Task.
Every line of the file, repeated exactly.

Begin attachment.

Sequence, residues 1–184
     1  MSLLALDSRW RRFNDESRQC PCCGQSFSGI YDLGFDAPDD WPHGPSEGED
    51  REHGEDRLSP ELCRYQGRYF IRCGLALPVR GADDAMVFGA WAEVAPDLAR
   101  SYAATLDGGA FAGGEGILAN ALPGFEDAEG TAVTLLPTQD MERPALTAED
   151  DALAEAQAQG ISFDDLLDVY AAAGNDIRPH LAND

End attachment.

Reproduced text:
Sequence, residues 1–184
     1  MSLLALDSRW RRFNDESRQC PCCGQSFSGI YDLGFDAPDD WPHGPSEGED
    51  REHGEDRLSP ELCRYQGRYF IRCGLALPVR GADDAMVFGA WAEVAPDLAR
   101  SYAATLDGGA FAGGEGILAN ALPGFEDAEG TAVTLLPTQD MERPALTAED
   151  DALAEAQAQG ISFDDLLDVY AAAGNDIRPH LAND